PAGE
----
Wavertree Botanic Gardens
Wavertree Botanic Gardens (formerly Wavertree Botanic Garden and Park) is an example of a mid 19th century public park. It incorporates an earlier walled botanic garden, founded by William Roscoe as Liverpool Botanic Garden and relocated from land near Mount Pleasant in the 1830s. The gardens include the Grade II curator's lodge built between 1836-1837.
On 20th November 1940 a stray German bomb caused all the glass in the botanic glasshouse to be broken, the plants inside were shredded. As it was winter, everyone helped remove the surviving plants into nearby private glasshouses until the war ended. The Orchids were located at Sudley House. The botanic glasshouse was never reinstated after the war, but due to the major efforts by Percy Conn, the new Superintendent of Liverpool Parks, who had the vision to revive the work of William Roscoe & John Shepherd in the Mount Pleasant days, the Liverpool Botanic Garden arose anew in the Harthill Estate grounds at Calderstones Park.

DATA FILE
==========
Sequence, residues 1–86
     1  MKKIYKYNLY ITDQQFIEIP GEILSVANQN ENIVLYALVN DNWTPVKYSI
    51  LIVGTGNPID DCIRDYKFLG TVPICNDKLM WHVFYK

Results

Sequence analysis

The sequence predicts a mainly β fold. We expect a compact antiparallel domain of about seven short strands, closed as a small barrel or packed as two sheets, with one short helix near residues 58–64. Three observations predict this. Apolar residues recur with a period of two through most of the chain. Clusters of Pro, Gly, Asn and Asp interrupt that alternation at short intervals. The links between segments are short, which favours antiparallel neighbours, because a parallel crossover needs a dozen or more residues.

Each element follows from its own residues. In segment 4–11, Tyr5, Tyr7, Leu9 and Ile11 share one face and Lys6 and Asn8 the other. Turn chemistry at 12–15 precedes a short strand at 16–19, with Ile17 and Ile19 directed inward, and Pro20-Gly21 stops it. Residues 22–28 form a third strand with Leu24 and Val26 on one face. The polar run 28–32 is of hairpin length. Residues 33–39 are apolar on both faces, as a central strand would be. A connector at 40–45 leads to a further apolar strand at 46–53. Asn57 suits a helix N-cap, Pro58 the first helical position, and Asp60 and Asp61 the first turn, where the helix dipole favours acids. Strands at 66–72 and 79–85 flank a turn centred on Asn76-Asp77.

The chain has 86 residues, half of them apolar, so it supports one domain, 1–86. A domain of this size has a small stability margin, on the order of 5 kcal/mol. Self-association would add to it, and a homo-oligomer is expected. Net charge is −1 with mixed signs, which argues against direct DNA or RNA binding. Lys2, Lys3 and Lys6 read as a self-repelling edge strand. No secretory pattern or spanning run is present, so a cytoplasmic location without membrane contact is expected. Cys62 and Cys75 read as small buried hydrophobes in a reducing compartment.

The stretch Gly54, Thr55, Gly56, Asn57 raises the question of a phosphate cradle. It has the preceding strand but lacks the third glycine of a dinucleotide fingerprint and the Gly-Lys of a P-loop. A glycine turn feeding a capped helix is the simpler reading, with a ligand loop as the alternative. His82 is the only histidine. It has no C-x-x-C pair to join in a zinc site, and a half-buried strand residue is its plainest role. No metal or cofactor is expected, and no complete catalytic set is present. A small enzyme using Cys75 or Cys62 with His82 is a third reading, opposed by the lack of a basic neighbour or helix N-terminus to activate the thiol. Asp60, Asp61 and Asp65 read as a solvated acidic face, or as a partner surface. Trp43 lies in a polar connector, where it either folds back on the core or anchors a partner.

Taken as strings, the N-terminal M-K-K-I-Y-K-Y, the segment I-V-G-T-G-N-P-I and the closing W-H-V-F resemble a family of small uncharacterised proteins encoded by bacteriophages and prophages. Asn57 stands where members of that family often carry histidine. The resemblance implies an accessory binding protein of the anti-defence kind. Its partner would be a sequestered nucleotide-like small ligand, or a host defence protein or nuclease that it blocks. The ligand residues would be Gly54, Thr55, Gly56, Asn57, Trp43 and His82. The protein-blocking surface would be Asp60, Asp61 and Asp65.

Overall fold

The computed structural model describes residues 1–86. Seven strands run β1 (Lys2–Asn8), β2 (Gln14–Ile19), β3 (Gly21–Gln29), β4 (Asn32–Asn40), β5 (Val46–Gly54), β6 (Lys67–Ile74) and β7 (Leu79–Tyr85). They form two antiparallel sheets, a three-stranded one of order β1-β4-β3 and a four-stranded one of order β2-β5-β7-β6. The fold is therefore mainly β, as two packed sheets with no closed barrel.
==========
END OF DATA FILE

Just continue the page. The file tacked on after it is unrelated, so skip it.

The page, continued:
On 22 August 2013 the botanic park and gardens were listed at Grade II* in the Register of Historic Parks and Gardens. In 1886 the International Exhibition of Navigation, Commerce and Industry was held here.